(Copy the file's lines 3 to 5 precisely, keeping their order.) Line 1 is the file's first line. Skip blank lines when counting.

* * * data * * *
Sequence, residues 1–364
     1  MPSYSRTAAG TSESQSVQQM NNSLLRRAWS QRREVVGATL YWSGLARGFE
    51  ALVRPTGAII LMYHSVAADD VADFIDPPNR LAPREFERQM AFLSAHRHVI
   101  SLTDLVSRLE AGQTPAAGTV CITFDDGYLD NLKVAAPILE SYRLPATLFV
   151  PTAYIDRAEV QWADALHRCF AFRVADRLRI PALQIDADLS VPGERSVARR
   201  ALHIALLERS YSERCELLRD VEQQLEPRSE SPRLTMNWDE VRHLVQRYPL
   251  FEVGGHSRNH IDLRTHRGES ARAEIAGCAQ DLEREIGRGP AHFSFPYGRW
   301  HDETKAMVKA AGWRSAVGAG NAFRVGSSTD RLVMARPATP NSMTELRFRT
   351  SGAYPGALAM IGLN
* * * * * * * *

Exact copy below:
    51  ALVRPTGAII LMYHSVAADD VADFIDPPNR LAPREFERQM AFLSAHRHVI
   101  SLTDLVSRLE AGQTPAAGTV CITFDDGYLD NLKVAAPILE SYRLPATLFV
   151  PTAYIDRAEV QWADALHRCF AFRVADRLRI PALQIDADLS VPGERSVARR